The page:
Question: "Why did Jesus say, "My God, my God, why have you forsaken me?""
Answer: “And about the ninth hour Jesus cried with a loud voice, saying, Eli, Eli, lama sabachthani? that is to say, My God, my God, why hast thou forsaken me?” (Matthew 27:46). This cry is a fulfillment of Psalm 22:1, one of many parallels between that psalm and the specific events of the crucifixion. It has been difficult to understand in what sense Jesus was “forsaken” by God. It is certain that God approved His work. It is certain that He was innocent. He had done nothing to forfeit the favor of God. As His own Son - holy, harmless, undefiled, and obedient - God still loved Him. In none of these senses could God have forsaken Him.
However, Isaiah tells us that “he bore our griefs and carried our sorrows; that he was wounded for our transgressions, and bruised for our iniquities; that the chastisement of our peace was laid upon him; that by his stripes we are healed” (Isaiah 53:4-5). He redeemed us from the curse of the law, being made a curse for us (Galatians 3:13). He was made a sin-offering, and He died in our place, on our account, that He might bring us near to God. It was this, doubtless, which caused His intense sufferings. It was the manifestation of God’s hatred of sin, in some way which He has not explained, that Jesus experienced in that terrible hour. It was suffering endured by Him that was due to us, and suffering by which, and by which alone, we can be saved from eternal death.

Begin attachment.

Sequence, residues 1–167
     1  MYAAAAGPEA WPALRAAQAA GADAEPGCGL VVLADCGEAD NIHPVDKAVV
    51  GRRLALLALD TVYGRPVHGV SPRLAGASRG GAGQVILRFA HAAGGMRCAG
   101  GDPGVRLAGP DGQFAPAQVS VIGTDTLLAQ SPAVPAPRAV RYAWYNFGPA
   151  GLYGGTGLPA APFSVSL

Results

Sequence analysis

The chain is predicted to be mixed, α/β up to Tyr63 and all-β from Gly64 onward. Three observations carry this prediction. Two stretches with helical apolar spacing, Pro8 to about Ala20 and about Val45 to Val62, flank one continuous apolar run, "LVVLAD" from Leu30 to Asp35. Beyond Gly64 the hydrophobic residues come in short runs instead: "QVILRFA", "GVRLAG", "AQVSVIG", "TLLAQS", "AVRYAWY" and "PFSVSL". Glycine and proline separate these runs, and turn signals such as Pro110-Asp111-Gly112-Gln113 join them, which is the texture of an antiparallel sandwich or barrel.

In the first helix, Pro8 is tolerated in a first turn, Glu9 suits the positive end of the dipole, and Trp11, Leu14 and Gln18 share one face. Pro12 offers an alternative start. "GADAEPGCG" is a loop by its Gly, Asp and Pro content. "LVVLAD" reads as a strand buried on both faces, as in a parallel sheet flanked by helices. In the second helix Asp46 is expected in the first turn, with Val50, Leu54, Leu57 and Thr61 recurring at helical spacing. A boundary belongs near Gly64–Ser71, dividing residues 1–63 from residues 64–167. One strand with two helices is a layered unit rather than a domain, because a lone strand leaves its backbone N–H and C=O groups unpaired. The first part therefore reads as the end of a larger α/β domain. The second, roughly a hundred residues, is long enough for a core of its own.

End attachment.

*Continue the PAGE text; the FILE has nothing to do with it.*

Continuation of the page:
In those awful moments, Jesus was expressing His feelings of abandonment as God placed the sins of the world on Him – and because of that had to “turn away” from Jesus. As Jesus was feeling that weight of sin, He was experiencing separation from God for the only time in all of eternity. It was at this time that 2 Corinthians 5:21 occurred, “God made Him who had no sin to be sin for us, so that in Him we might become the righteousness of God.” Jesus became sin for us, so He felt the loneliness and abandonment that sin always produces, except that in His case, it was not His sin – it was ours.